In a partnership between Zero Waste Scotland and The Royal Society for the Encouragement of the Arts, Manufacturers and Commerce (RSA), students are being invited to reimagine how structural steel from decommissioned oil and gas platforms could be given a new lease of life.
Alongside Scottish Enterprise, Zero Waste Scotland is a headline sponsor of the competition, which comes with a cash prize of £2000, and has partnered with the Scottish Government, Construction Scotland Innovation Centre and Decom North Sea.
In the UK, most of the steel from decommissioned oil and gas platforms is exported to Europe and beyond for smelting. The recycling of steel in this way produces a significant amount of carbon emissions and requires large-scale transportation of heavy materials. On top of that, the production of virgin stock puts pressure on the Earth’s natural resources and comes with a carbon cost.
The competition challenges university students to apply circular economy principles and propose replicable ideas to repurpose steel, instead of relying on recycling. The reuse of existing materials would save carbon emissions, retain material value and stimulate the local economy.
Charlotte Stamper, Partner for Energy Infrastructure at Zero Waste Scotland, said:
“Developing a circular economy in Scotland will help to protect our country against resource shortages and the rising cost of materials. This is particularly important as we transition away from fossil fuels. The existing infrastructure contains valuable materials that can be used again, in its current form, for other purposes.
“By working in partnership with The RSA, the next generation of the workforce will be more adept at placing the circular economy at the heart of every project. Developing green skills in education will help us meet our climate targets and realise a circular economy.”
One of the key principles of the circular economy is to keep existing products and materials in use for as long as possible. A circular economy is achieved by designing products smartly with their whole life cycle in mind, reusing and repairing to extend their useful life, and then when their life is deemed over, remanufacturing to create new products from old.
Oil and gas platforms have been built and used globally to access deep undersea reserves of petroleum and natural gas for years. Once the extraction project is complete, these platforms are retired or decommissioned in line with both international legislation as well as various regional and national maritime agreements.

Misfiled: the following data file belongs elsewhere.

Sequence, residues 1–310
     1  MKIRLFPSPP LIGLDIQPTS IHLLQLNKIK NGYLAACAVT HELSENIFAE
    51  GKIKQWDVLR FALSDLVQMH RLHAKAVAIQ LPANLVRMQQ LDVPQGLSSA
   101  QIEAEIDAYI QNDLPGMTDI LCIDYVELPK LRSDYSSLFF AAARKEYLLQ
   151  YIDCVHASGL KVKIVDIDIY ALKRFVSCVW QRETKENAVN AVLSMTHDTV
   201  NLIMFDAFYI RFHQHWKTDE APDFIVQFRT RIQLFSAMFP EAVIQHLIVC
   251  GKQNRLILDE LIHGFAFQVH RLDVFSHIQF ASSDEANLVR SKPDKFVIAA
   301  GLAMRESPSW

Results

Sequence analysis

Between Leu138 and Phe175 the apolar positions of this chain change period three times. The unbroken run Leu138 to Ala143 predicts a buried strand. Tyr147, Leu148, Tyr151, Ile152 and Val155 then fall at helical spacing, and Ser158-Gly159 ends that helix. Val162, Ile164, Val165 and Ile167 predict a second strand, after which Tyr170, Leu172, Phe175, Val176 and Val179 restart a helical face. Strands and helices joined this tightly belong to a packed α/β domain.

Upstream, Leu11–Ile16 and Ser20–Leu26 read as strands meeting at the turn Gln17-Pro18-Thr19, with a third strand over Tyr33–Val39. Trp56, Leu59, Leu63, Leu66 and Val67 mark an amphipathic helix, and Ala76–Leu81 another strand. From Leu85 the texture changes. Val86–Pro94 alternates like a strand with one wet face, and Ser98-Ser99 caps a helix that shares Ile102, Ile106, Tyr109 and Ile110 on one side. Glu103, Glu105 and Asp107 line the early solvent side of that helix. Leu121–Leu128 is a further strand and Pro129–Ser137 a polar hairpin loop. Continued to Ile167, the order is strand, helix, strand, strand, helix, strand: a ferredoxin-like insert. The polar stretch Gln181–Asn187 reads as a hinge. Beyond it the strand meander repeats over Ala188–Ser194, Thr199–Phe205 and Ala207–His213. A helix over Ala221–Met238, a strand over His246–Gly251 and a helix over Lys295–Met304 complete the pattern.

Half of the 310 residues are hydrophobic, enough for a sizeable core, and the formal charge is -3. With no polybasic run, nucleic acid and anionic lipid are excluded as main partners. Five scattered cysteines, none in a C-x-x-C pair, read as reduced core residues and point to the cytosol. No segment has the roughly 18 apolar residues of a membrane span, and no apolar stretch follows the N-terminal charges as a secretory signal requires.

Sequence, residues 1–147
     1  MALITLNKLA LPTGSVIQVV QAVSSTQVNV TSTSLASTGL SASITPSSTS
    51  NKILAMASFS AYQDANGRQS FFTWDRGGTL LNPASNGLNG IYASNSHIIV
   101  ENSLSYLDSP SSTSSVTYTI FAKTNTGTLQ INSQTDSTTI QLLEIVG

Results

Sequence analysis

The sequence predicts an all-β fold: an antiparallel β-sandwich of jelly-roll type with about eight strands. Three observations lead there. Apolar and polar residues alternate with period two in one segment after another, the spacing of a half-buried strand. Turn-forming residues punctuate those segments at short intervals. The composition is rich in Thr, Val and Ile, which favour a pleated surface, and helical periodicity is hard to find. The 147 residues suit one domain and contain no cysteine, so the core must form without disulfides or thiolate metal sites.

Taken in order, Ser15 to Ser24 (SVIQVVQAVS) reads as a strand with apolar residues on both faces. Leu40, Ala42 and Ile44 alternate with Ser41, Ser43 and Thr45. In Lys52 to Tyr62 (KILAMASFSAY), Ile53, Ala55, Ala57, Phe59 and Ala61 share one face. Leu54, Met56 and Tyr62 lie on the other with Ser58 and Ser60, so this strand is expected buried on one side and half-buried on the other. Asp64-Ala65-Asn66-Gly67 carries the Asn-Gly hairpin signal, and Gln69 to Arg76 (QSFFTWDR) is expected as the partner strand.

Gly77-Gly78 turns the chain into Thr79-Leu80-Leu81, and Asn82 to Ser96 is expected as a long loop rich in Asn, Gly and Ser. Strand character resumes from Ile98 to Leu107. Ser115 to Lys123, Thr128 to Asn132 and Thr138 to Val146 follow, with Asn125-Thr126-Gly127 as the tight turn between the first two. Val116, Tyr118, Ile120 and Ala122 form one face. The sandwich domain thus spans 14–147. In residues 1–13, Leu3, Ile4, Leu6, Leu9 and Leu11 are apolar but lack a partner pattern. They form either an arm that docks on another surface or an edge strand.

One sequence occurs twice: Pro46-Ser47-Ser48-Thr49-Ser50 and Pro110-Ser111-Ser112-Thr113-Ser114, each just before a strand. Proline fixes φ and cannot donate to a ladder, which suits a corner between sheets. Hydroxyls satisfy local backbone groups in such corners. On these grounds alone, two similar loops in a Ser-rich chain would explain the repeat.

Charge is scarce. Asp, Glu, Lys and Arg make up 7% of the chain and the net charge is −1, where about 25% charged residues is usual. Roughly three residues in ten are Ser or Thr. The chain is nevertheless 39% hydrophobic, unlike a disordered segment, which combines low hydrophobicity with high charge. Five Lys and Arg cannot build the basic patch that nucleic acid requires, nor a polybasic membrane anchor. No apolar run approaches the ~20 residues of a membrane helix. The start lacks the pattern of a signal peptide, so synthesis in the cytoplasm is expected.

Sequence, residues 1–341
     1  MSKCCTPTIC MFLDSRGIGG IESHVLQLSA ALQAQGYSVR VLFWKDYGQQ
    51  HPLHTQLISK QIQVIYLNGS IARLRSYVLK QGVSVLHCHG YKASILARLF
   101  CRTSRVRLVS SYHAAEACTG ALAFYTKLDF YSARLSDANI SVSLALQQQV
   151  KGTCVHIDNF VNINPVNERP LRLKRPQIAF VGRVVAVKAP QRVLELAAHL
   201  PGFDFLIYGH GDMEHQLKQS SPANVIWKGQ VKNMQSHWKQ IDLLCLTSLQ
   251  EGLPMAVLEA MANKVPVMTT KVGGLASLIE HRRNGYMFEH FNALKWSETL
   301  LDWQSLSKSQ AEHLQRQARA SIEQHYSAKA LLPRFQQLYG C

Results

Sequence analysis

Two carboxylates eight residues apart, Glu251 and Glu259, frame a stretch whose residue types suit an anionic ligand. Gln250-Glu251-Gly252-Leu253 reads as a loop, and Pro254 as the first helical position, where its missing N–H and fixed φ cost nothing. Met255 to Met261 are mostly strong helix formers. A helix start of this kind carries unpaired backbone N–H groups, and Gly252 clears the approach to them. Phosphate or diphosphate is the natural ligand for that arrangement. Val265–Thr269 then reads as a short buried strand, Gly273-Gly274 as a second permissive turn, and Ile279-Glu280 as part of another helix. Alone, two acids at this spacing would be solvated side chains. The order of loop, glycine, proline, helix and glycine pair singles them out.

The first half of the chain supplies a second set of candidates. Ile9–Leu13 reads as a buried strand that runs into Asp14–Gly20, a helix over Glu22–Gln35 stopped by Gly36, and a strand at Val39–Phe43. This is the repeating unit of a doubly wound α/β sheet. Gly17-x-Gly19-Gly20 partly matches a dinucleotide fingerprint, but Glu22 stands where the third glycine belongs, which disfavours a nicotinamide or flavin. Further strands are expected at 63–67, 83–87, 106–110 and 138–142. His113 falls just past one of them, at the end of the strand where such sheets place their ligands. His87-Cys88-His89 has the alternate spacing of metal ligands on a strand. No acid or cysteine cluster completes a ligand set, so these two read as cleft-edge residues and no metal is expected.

The RSA and Zero Waste Scotland North Sea Oil and Gas Rig Decommissioning and Reuse Opportunity Report highlighted the repurpose of steel tubulars and sections of the platforms as one of the most significant opportunities for innovation. In the UK alone, over 500,000 tonnes of steel will be removed from the North Sea over the next 10 years.
Andy McDonald, Head of Low Carbon Transition at Scottish Enterprise, said:
“For Scotland to achieve its net zero targets by 2045 we must be creative and this project taps into the innovative minds of our future talent to reimagine rigs rather than recycle them.
“Over the next decade, up to £15.1 billion is expected to be invested in decommissioning activity and highlights the potential economic opportunities available. I look forward to seeing the ideas the students surface through this design competition that will provide a unique perspective on repurposing steel from the energy industry and in turn inspire future circular economic solutions.”
Joanna Choukeir, Director of Design and Innovation at the RSA, said:
"The RSA Student Design Awards challenges students to use their skills and creativity to tackle today's most pressing real-world issues. We believe applying circular design principles to the process of decommissioning oil rigs is crucial to preserving valuable material, creating green jobs and helping society shift our existing models to new circular ways of thinking. We are excited to see the range of creative and ambitious submissions students present in 2022."
Will Rowley, Business Advisor at Decom North Sea, said:
“We are delighted to be a Supporting Partner for this innovative project, and I am really looking forward to seeing what the students come up with.
“With over 6,500 fixed offshore platforms, decommissioning of oil and gas platforms is a global issue and responsible management of the hydrocarbon legacy is vital. This competition provides the opportunity to find innovative ways to reuse, refurbish, repurpose and recycle materials and also by applying circular design principles, reducing environmental damage and stimulating the local economy.”